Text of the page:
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We Need To Identify and Eliminate Vaccine Hesitancy Among Healthcare Workers

We Need To Identify and Eliminate Vaccine Hesitancy Among Healthcare Workers

A boy walks past a graffiti of healthcare workers on a street in New Delhi, March 22, 2021. Photo: Reuters/Anushree Fadnavis

India’s COVID-19 cases are hurtling with breathtaking speed towards the second peak. Unlike during the first outbreak, we have vaccines. India has approved two vaccines at the moment, the homegrown Covaxin and the Oxford-AstraZeneca vaccine known in India as Covishield. Widespread distribution of these vaccines is key to curbing the spread of the virus as well as preventing the kind of severe illness that requires hospitalisation. The longer a significant portion of our population is susceptible to COVID19, the more chance there is for the virus to mutate to a more infective or lethal form.

At times like these, people often look up to community leaders for guidance. These people could be key to galvanising public opinion about adhering to guidelines that prevent the spread of the virus. Unfortunately, both political leaders and religious leaders in India have failed to rally support for COVID-appropriate behaviour. At this juncture, healthcare workers are natural choices to fill this leadership vacuum.

Vaccine acceptance or aversion among the people has been shown to be strongly correlated to healthcare professionals’ attitude towards vaccines. It is widely established that healthcare workers averse to any vaccine can passively transmit their apprehensions to patients, setting off a domino effect of vaccine non-compliance. It is also plainly obvious that a healthcare workforce unified in its vaccine messaging can make a big difference.

But when they did become one of the first cohorts eligible to be vaccinated as part of India’s vaccination drive, which started on January 16 2021, several states in India struggled with low turnouts. The situation became alarming enough to prompt authorities to consider measures like fines or other forms of coercion against frontline workers who weren’t getting vaccinated. why did India’s healthcare workers hesitate?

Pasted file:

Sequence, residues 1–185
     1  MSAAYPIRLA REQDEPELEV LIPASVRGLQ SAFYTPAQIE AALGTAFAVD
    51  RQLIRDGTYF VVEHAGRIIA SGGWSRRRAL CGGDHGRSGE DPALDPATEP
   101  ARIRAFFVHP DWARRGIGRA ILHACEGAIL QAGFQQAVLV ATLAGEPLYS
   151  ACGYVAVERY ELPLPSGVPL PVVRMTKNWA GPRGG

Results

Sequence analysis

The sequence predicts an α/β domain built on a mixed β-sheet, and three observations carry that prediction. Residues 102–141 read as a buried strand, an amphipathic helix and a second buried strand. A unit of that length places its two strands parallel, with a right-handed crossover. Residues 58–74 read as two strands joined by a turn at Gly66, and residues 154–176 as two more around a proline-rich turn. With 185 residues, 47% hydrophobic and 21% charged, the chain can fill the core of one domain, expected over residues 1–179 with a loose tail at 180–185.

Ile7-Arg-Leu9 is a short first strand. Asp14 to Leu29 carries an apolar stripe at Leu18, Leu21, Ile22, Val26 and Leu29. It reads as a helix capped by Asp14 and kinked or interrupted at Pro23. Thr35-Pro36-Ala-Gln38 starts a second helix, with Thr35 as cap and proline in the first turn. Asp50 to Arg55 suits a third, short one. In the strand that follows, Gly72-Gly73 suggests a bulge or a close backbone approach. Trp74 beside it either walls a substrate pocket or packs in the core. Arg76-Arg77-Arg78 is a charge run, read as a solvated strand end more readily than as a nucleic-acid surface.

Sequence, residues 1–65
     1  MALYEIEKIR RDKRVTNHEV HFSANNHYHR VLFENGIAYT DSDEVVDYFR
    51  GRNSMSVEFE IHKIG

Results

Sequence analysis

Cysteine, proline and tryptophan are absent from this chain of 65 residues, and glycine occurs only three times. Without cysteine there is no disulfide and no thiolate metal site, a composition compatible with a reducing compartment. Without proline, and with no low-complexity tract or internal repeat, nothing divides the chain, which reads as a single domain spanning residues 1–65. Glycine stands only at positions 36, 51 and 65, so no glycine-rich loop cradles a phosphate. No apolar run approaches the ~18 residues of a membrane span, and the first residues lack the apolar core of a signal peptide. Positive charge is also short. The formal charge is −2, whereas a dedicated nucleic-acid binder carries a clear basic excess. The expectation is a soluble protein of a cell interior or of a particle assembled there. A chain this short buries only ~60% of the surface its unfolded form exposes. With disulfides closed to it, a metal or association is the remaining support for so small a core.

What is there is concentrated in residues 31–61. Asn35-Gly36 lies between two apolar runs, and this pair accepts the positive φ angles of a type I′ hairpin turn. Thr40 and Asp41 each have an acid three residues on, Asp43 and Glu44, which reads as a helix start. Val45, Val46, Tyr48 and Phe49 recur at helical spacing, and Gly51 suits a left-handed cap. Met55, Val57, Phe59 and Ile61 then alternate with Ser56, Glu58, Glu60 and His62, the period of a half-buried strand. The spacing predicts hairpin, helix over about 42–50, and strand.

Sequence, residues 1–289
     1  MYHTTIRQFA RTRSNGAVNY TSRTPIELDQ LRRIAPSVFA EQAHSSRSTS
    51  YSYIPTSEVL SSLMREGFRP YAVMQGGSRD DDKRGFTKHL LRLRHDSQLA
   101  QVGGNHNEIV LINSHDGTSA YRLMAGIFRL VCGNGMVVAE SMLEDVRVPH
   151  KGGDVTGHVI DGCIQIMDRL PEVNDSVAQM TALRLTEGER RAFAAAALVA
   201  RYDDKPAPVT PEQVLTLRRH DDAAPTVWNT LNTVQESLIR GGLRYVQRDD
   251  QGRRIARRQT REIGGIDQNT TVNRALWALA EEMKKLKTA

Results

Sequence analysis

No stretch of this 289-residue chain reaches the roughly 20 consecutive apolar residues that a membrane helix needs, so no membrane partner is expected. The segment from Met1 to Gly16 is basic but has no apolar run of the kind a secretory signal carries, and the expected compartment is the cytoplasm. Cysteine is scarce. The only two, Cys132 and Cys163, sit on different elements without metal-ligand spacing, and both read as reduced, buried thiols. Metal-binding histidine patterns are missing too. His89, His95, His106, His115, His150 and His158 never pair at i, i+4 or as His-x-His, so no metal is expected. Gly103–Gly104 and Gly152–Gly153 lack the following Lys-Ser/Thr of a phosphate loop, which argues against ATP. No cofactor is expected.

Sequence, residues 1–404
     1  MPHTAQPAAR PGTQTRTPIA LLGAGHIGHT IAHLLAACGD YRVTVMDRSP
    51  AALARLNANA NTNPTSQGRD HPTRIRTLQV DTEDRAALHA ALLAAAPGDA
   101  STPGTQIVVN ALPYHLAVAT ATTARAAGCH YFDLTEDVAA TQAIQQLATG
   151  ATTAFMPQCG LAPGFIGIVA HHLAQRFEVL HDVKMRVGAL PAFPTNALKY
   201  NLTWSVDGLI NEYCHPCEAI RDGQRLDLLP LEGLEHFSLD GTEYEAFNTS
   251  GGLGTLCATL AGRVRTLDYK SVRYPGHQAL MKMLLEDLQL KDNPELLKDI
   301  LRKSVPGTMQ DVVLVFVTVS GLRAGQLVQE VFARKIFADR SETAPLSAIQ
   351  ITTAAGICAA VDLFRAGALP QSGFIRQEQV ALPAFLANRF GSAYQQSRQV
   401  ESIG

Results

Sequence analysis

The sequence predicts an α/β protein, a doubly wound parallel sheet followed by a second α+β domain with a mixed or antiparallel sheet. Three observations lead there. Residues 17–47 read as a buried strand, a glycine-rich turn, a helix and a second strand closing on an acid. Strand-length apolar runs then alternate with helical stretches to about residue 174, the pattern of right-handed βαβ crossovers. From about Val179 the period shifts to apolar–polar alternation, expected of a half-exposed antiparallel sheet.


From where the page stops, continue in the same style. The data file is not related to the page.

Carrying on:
Before the development of the two COVID-19 vaccines, the quickest we were able to develop a vaccine was for mumps, in four years. But pharmaceutical companies were able to produce COVID-19 vaccine candidates in a matter of months (although they drew on many years of research for their components). India’s Drug Controller General (DCGI) approved two of these vaccines, Covishield and Covaxin, for ’emergency’ use on January 3. However, the DCGI did so even as Covaxin’s phase 3 clinical trial was just getting started.

There is a pervasive belief among healthcare workers that they have been thrown off the edge of a cliff during India’s COVID-19 epidemic, into a realm of little safety. They have consistently had to work long hours in hazardous conditions, often without adequate PPE or other resources. So it wasn’t entirely unfair for some healthcare workers to think they were once again being taken advantage of. It is true that the shots’ accelerated development stood on the shoulders of previous work vis-à-vis the SARS and MERS coronaviruses – but this knowledge didn’t automatically offset healthcare workers’ worries.

It’s important to remember that working in healthcare makes nobody a specialist in vaccination or immunology. Healthcare workers aren’t immune to the ongoing misinformation infodemic about vaccines. It was a physician who floated the now widely debunked correlation between the MMR vaccine and autism, with a paper published in one of the world’s more well-regarded medical journals. Educational tools directed at healthcare workers, which treat their concerns seriously, with empathy instead of scorn, are well-indicated.

Many healthcare workers have also been infected with COVID-19, sometimes more than once, and believe this exposure to the virus sufficed to generate protective antibodies. But the WHO recommends that even those who have been infected with COVID-19 get vaccinated when they get the chance, because we don’t know for sure how durable and/or efficacious natural immunity to COVID-19 can be. And it is important that this is impressed on healthcare workers.

The Canadian psychiatrist J.T. MacCurdy grouped populations who had faced a crisis (in his case, London getting bombed in the 1940s) into three groups: ‘direct hits’, ‘near misses’ and ‘remote misses’. He described remote misses as “those who see or hear the traumatic event and witness some of the aftermath but evade physical or emotional harm”. Through a mechanism called passive adaptation to danger, people classified as ‘remote misses’ – in this case, healthcare workers who had asymptomatic or mild COVID-19 infections or had colleagues escape relatively unscathed – could develop a false sense of security. This could also explain the low vaccine uptake among healthcare workers.

There could be even other reasons for vaccine hesitancy among healthcare workers. While more and more people getting vaccinated, and without developing any debilitating side effects, will reduce hesitancy among the unvaccinated, it is imperative that we identify the true reasons for hesitancy in this key group of workers to the best of our ability.

Sumedha Sircar is an intern-doctor at KMC Manipal and consults for Suicide Prevention India Forum. She is dedicated to learning about sociodemographic determinants of health and science communication.

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